Luke 24:1-12

“Why do you seek the living among the dead?  Remember how he told you…that the Son of man must be crucified, and on the third day rise.”

“Rise.” This is the name of a Methodist Church in Virginia pastored by a friend and former classmate of Max’s:   Rise. That would be a good name for this church here at Rayne! For is this not the story of our lives? Most of you have been around here long enough to know that when Katrina dealt her death blow to this city and to this church, it caused more than $5 million worth of damage to this sanctuary–crashing the steeple, snapping massive roof beams, shattering the chandeliers, leaving a pile of rubble in her wake. There were many people who believed it was over, that Rayne, knocked to her knees, could never rise up out of the ruins and live again. There were many who believed the City of New Orleans was lost, not worth rebuilding.

I can remember during our exile, how the deserted city was closed, crawling with National Guard humvees, with armed check points at every entry point. It was not clear at all when or if we would ever be able to return. I had heard the bad news of the massive damage our church had sustained, but I had not yet seen it for myself. I don’t know what possessed me to go one day into a sign shop on Government Street in Baton Rouge to order a banner for our front door, a banner that I decided I was going to hang the first chance I had, a banner that said OPEN. I was so amazed when I got to the sign shop to see bins and bins of banners already made that said OPEN or NOW OPEN or OPEN NOW. I asked the store owner what all those banners were for. He said they were for people who were going back to New Orleans. Yes! It was like a glimpse of heaven. It was like a huge dose of hope! It was a SIGN! For I was not the only one who believed this broken city could rise and live again.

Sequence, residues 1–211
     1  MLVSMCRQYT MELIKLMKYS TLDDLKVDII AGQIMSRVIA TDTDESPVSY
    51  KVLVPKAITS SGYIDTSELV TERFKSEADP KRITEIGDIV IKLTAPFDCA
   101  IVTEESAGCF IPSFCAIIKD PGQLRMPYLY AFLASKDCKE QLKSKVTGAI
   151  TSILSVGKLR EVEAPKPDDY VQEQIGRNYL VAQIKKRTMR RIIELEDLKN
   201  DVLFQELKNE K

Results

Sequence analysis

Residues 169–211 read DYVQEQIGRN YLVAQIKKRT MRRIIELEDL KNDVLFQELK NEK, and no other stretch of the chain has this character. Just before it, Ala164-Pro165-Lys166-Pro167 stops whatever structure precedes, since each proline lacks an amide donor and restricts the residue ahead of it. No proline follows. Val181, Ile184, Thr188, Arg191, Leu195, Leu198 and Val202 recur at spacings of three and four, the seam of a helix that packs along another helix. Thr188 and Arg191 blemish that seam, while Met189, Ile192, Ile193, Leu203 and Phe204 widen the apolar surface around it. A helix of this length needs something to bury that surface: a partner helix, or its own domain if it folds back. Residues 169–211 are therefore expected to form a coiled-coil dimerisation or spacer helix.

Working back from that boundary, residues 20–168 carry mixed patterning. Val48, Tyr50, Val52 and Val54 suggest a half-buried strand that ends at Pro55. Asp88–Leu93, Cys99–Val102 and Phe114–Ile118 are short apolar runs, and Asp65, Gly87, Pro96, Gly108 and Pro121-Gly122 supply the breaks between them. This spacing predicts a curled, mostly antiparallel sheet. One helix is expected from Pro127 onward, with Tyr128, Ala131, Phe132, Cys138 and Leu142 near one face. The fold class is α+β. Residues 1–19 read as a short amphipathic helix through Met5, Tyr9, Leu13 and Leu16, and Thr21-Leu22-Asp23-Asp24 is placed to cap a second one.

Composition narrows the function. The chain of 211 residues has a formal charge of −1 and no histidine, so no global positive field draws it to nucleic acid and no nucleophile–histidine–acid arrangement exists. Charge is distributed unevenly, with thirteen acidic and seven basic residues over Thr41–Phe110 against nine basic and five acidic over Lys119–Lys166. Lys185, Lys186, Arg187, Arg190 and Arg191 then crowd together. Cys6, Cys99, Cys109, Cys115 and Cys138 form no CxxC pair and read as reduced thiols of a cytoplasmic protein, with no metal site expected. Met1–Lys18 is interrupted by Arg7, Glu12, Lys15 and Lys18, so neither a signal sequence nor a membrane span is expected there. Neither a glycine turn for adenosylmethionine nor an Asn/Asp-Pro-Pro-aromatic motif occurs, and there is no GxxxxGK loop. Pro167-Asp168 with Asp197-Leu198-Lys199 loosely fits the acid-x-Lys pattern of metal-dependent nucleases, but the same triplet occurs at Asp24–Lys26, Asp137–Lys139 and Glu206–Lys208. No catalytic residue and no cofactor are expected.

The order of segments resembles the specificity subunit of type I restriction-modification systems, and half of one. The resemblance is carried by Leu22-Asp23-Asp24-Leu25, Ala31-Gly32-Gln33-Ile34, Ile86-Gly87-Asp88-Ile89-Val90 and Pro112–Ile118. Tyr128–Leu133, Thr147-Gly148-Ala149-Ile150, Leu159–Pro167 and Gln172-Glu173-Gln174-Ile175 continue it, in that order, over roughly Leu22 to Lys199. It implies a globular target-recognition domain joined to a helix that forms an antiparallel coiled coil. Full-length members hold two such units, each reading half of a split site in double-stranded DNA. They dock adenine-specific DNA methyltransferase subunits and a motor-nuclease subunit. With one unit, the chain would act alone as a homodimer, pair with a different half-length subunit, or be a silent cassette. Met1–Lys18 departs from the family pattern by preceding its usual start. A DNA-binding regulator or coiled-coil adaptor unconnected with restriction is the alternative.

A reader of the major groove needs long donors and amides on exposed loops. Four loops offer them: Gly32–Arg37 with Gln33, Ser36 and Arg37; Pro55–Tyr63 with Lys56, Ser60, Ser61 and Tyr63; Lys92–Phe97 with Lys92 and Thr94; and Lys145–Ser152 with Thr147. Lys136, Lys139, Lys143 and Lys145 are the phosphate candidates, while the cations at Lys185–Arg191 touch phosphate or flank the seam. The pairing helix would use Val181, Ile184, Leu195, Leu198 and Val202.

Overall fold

And so, on the first day they let us return, this is one of the first things I did. Right next to the red sign posted by the National Guard that said CONDEMNED, I hung that banner that said OPEN. Because this is my story, the story of our lives. No one says it better than Dietrich Bonhoeffer: “Where human beings say LOST, God says FOUND; where people say, CONDEMNED, God says SAVED; where people say NO, God says YES!” We are people of the resurrection. We are people who believe that even when the worst thing has happened and life has knocked us to our knees, there is something going on in this world that makes it possible for us to RISE and live again.

Roll the clock back even further and remember how this church got started in the first place. Remember Robert Rayne and the unimaginable grief he must have felt when he got the awful news that his son William had been killed in battle. Is there any loss more difficult to bear than the loss of a child, when one must find a way to bear the unbearable. But Mr. Rayne rose up out of the depths of that shattering experience to make something good and beautiful—an enduring memorial to his son. I love the inscription on the front of this building, “To Him who hath redeemed me and kept me all my life, and in memory of my son, William, who was fatally wounded at Chancellorsville.” This was a man who believed that even when the worst thing happens and life knocks you to your knees, there is something going in this world that makes it possible for you to RISE and live again.